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5 things we learned when our car was stolen

They didn't have comprehensive coverage, but luckily their renters insurance was still in effect.

By Karen Datko Jan 26, 2011 11:19AM

This post comes from Sarah Winfrey at partner blog Wise Bread.

 

My family just moved cross-country. Moving is always crazy, but ours was further complicated by the fact that one of our cars, loaded down with stuff, was stolen from a hotel parking lot in Las Vegas.

Over the last several weeks, we've waded through paperwork and spent quite a bit of time on the phone. At this point, we're experts in having a car stolen. While we wouldn't have chosen that particular field of expertise, at least we can pass what we've learned on to all of you. 

 

Here's what we learned (see also: "10 ways to get your car stolen"):

 

Video cameras don't necessarily equal safety. We purposely parked in a lot with video monitoring -- rather prominent video monitoring, might I add. However, those cameras didn't deter the thieves, and they didn't help the police catch them. We might have felt safer with them there, but the cameras actually didn't add anything to the overall safety of our stuff.

 

As it turns out, avoiding video cameras is fairly easy, especially for experienced thieves. It's much better to park in a lot where an attendant is present (if possible) or at least one that can be seen from a front desk or other manned station.

 

Having a car stolen is stressful. This might go without saying, but we found that the stress affected us more than we thought it would and continues to do so for longer than we thought it would.

 

Not only is having a car stolen violating and frustrating, but life continues to remind you of what you lost. Because we were moving, we still run across things we realize must have been in the car that was taken, since we can't find them anywhere else. Every time that happens, we feel the stress of the situation all over again.

 

We've found it helpful to work on all the paperwork, etc., that comes along with a stolen vehicle in chunks, and then forget about it until the next time we focus on it. That way, we get a break, and we don't have to worry about it all the time.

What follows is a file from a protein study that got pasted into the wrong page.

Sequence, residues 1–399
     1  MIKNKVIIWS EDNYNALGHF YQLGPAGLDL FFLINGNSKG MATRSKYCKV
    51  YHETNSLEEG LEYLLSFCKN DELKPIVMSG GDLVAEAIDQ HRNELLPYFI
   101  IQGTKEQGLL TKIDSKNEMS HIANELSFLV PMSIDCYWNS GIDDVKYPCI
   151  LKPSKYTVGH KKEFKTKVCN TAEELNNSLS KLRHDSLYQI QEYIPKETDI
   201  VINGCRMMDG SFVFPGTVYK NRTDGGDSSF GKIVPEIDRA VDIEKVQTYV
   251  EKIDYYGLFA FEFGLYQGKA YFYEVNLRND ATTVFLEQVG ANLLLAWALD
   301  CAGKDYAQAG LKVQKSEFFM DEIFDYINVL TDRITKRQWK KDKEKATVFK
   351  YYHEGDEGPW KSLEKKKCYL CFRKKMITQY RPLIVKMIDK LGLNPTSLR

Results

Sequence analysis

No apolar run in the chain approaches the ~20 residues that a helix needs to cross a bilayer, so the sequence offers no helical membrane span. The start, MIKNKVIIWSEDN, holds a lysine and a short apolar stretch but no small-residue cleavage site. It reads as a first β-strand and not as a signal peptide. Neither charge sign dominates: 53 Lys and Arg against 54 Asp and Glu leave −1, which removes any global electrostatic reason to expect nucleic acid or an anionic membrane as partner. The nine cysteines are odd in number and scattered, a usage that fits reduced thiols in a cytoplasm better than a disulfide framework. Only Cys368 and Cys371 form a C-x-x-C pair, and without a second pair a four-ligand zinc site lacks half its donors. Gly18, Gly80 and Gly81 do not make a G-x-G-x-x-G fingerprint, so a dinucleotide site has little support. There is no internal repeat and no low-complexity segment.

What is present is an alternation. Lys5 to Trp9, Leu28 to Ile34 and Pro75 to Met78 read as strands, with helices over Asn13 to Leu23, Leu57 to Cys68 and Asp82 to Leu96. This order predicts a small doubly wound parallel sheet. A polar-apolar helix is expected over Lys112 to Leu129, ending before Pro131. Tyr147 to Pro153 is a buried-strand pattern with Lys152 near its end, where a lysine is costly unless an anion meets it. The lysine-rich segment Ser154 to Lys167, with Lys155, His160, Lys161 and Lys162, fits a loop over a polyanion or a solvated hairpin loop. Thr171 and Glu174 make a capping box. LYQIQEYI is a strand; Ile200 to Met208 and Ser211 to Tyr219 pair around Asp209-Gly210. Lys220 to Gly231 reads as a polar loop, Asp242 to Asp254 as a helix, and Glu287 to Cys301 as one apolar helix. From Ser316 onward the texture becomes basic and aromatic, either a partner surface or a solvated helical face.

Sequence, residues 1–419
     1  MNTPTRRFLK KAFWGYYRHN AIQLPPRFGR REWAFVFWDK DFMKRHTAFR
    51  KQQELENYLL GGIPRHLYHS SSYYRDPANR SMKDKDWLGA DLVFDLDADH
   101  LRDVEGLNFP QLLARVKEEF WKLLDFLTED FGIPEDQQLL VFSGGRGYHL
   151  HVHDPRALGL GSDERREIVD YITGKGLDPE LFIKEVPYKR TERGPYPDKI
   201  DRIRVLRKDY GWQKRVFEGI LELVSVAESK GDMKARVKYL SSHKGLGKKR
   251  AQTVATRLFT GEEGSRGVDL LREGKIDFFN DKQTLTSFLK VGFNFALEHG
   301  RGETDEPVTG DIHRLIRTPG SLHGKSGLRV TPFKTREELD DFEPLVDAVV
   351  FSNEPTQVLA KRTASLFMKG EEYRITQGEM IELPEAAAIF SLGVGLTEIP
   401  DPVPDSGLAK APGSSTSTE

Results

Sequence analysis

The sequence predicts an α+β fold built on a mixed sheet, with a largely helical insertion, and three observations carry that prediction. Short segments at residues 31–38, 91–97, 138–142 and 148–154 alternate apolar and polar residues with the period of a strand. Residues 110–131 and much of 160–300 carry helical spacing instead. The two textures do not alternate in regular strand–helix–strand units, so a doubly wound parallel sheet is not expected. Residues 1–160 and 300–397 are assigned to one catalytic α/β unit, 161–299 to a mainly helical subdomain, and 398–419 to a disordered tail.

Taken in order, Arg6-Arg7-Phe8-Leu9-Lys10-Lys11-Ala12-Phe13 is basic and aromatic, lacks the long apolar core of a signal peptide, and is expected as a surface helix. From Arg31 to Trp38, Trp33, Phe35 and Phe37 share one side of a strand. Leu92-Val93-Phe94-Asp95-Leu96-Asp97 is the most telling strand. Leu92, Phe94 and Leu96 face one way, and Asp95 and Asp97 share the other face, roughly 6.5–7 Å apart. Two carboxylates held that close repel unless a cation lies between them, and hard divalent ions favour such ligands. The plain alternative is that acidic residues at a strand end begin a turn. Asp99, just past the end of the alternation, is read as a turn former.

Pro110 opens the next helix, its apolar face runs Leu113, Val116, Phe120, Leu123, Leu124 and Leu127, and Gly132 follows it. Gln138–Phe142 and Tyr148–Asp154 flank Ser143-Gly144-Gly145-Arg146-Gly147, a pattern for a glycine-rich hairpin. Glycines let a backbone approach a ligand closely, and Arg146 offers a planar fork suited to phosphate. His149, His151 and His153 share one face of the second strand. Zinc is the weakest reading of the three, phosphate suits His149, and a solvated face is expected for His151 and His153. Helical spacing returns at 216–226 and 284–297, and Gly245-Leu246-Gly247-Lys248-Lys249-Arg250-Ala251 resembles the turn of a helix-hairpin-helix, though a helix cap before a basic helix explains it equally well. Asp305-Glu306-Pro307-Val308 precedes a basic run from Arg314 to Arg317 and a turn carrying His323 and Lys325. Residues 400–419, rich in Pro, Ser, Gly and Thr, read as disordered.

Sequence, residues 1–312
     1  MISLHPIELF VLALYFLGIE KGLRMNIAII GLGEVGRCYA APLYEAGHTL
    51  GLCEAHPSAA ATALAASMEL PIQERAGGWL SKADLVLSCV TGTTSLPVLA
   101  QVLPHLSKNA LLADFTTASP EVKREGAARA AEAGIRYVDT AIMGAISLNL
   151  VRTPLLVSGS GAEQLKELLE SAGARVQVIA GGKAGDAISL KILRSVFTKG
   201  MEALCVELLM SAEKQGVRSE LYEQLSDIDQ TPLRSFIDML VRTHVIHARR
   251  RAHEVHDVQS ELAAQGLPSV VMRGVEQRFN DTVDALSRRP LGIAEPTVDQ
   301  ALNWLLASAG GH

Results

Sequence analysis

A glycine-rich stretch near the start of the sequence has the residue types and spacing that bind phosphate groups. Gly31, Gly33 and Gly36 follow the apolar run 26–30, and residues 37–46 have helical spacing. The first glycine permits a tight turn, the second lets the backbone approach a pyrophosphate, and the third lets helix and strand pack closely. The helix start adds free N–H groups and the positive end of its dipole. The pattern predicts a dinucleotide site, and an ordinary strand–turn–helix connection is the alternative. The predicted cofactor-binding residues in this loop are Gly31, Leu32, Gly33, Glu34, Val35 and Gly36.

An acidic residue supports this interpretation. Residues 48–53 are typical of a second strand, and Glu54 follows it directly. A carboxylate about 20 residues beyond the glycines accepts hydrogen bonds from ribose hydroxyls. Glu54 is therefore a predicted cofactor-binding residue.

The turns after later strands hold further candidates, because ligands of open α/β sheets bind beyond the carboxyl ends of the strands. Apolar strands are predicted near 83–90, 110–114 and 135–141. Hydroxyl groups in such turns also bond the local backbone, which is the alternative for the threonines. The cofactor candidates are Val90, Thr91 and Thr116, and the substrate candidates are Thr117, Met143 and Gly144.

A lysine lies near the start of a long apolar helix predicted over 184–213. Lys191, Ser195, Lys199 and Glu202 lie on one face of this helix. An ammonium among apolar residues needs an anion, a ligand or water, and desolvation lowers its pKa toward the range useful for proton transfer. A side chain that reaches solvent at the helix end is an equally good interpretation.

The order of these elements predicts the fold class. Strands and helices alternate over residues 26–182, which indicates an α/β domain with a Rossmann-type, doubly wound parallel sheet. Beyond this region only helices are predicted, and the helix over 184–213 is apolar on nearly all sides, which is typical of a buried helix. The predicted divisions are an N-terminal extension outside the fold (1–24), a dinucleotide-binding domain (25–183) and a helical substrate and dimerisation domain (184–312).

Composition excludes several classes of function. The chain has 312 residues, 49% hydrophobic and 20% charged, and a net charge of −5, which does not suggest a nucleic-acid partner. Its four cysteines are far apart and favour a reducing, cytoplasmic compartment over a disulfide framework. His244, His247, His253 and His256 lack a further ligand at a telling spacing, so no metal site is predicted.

Police don't always take stolen cars very seriously. While having our car stolen was a big deal for us, it wasn't for the police. They didn't even send a regular officer, just a cadet who gave us misleading information about how soon our car would probably be found.

On the one hand, you can't really blame the police for this attitude. Especially in places like Vegas, cars get stolen all the time. It's nothing new to them, and so it's hard for them to get excited about it. On the other hand, it was a very big deal for us to lose that vehicle, and it only made things more stressful to realize the police weren't going to go out of their way to help us. If we'd known this ahead of time, the whole process would have been much easier.

 

A car's value isn't just how much you could get for it. We didn't carry comprehensive insurance on the car because the numbers didn't work out. The car didn't have enough monetary value to justify how much we'd have spent on the coverage.

However, we've realized that the car's value to us went beyond its Kelley Blue Book value. For us, it was a way to get us from here to there. It represented freedom and ease of transportation, which are hard to assign a dollar value to.

While we still think we made the right decision to not carry more coverage on the car, we will think about such things differently in the future. If a car is our only vehicle, for instance, we very well might carry comprehensive on it in the future.

 

Property insurance is a lifesaver. Whether you have homeowners insurance, renters insurance, or some other type of property coverage, that's what pays for any items inside your car if it is stolen. This was lucky for us, because we had renters coverage even though we didn't carry comprehensive on the car. Thus, we'll be getting something for the items that were stolen even though the insurance won't pay to replace the vehicle.
 

Getting our insurance to pay, though, has been a hassle. They're not being difficult, but they need information about the stuff in the car that we don't readily have available. Moving forward, we'll keep better track of when we purchase large items and how much we pay for them, so we have that at our fingertips if something like this happens again.

 

I hope you never have a vehicle stolen. However, if you do, I hope you remember these tips and that they help make your situation easier. And if you've had a vehicle stolen and have anything to add, feel free to leave a comment.

 

More from Wise Bread and MSN Money:

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